Johnson Interviewed on Trade Dress
The “look and feel” of a product or service you produce or offer may be covered by an intellectual property tool called trade dress. Black’s Law Dictionary defines trade dress as “[t]he overall appearance and image in the marketplace of a product or a commercial enterprise.” Packaging and labeling are two examples of trade dress.
IP attorney and Eastman & Smith member Carrie A. Johnson discusses trade dress issues in the International Trademark Association article, “One More Tool in the Brand Protection Toolbox.” According to the article, reasons to consider using trade dress include protecting assets from other using “confusingly similar” brands and enforcing IP protections. Your trade dress needs to be both nonfunctional and distinctive to receive protection under US law. Ms. Johnson explains, “Recent decisions from the U.S. Court of Appeals for the Second and Third Circuits are good examples of unpredictable outcomes in litigation—essentially barring trade dress protection for any product feature that is ‘useful.’ There continues to be uncertainty for brand owners of trade dress that can be argued to have any potential ‘useful’ aspect to it.” The article continues with problems and solutions associated with trade dress.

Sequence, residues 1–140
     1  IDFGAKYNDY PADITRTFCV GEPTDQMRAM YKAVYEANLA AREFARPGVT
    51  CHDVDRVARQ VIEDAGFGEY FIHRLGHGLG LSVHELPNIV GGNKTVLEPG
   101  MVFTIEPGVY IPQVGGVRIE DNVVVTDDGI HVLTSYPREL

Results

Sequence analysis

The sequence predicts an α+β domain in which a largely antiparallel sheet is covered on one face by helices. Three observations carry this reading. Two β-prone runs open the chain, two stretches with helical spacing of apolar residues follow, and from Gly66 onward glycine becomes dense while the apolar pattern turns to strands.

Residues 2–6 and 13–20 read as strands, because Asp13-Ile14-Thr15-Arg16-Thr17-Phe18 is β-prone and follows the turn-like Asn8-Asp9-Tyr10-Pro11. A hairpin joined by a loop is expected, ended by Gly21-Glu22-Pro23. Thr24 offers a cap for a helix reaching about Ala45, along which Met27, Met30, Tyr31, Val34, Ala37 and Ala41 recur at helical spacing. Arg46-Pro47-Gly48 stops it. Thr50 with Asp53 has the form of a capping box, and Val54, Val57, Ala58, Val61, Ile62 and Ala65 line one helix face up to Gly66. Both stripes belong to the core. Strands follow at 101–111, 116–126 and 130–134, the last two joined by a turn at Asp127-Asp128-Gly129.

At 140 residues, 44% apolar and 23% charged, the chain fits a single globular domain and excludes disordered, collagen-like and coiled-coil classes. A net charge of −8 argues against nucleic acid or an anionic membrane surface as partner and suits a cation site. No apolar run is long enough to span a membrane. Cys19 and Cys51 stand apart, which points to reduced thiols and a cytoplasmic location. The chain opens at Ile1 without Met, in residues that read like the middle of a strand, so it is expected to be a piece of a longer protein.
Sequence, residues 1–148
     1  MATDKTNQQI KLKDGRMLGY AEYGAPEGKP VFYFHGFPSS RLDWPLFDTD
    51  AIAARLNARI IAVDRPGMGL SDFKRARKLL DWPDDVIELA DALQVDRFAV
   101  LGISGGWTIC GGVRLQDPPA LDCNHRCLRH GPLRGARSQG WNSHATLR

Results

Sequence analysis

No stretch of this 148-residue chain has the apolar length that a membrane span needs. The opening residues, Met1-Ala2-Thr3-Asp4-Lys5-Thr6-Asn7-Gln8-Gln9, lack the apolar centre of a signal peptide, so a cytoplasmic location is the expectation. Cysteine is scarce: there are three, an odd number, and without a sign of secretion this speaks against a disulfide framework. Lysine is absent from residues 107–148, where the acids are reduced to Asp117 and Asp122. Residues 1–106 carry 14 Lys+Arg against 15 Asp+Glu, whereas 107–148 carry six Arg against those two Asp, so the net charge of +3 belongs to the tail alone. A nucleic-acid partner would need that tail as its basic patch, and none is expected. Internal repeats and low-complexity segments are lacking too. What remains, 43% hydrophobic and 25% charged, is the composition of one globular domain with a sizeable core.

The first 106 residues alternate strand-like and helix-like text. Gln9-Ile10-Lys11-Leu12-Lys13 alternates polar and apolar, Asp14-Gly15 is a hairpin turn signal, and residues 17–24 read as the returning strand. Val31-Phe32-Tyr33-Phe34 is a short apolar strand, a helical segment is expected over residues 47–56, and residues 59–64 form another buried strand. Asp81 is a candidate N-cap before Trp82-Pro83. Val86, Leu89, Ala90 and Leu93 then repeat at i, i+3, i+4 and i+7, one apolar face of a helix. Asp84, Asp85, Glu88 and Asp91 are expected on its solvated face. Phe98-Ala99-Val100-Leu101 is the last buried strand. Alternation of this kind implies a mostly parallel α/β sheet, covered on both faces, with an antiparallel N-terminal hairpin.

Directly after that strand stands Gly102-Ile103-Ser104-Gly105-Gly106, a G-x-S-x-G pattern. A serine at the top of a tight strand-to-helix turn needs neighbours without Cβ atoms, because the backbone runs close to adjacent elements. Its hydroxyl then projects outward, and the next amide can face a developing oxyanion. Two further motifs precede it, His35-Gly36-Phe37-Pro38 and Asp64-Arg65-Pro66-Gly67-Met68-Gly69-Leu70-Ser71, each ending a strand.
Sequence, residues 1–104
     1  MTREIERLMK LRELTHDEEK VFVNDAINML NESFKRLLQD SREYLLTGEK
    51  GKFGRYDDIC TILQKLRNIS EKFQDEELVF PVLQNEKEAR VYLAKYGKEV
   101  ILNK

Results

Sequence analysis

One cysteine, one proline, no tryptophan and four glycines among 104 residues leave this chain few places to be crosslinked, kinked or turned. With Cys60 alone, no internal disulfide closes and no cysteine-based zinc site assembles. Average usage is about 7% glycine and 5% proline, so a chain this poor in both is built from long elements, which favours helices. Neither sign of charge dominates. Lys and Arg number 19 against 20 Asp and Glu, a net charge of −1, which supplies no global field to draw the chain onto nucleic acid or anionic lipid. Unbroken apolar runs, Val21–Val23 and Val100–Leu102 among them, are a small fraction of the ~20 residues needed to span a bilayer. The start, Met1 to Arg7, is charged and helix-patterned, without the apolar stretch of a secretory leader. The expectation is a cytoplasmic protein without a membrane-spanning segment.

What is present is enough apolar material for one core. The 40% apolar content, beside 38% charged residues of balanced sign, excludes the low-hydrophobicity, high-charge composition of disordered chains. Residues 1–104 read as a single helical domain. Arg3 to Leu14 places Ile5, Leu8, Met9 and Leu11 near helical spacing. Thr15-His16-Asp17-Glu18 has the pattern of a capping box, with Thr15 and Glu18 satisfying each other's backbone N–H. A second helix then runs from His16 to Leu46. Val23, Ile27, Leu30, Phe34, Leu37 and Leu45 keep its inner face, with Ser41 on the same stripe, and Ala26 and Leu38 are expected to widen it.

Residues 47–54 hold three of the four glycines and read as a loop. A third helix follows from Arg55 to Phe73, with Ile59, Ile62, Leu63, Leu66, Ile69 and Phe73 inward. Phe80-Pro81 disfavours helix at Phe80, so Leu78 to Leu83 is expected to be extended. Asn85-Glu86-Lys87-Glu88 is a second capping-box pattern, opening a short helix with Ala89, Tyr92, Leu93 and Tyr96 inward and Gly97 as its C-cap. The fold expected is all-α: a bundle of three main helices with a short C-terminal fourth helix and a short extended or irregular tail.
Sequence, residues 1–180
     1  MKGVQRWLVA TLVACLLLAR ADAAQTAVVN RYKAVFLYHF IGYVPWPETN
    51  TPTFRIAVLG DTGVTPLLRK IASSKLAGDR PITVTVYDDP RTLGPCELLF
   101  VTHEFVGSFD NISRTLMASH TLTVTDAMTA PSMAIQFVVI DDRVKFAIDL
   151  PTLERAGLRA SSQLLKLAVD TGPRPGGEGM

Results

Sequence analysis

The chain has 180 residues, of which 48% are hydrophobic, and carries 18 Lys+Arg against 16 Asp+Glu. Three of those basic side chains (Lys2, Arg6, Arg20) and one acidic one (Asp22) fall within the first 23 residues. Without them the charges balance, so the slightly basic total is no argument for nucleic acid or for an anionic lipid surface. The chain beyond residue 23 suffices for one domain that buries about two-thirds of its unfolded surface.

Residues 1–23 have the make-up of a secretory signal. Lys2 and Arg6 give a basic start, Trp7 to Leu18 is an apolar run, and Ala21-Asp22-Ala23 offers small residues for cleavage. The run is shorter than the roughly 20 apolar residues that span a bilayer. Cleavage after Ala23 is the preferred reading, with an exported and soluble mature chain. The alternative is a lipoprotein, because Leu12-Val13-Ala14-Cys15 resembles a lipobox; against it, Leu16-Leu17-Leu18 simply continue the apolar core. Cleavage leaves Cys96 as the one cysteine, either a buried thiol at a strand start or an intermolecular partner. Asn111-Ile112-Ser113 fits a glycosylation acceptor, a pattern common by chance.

Protecting brands is the heart of Ms. Johnson’s practice. For 20 years, she has assisted clients with protecting and defending their most important assets and brands. Should you have any questions regarding trade dress or other IP matters, please contact Ms. Johnson.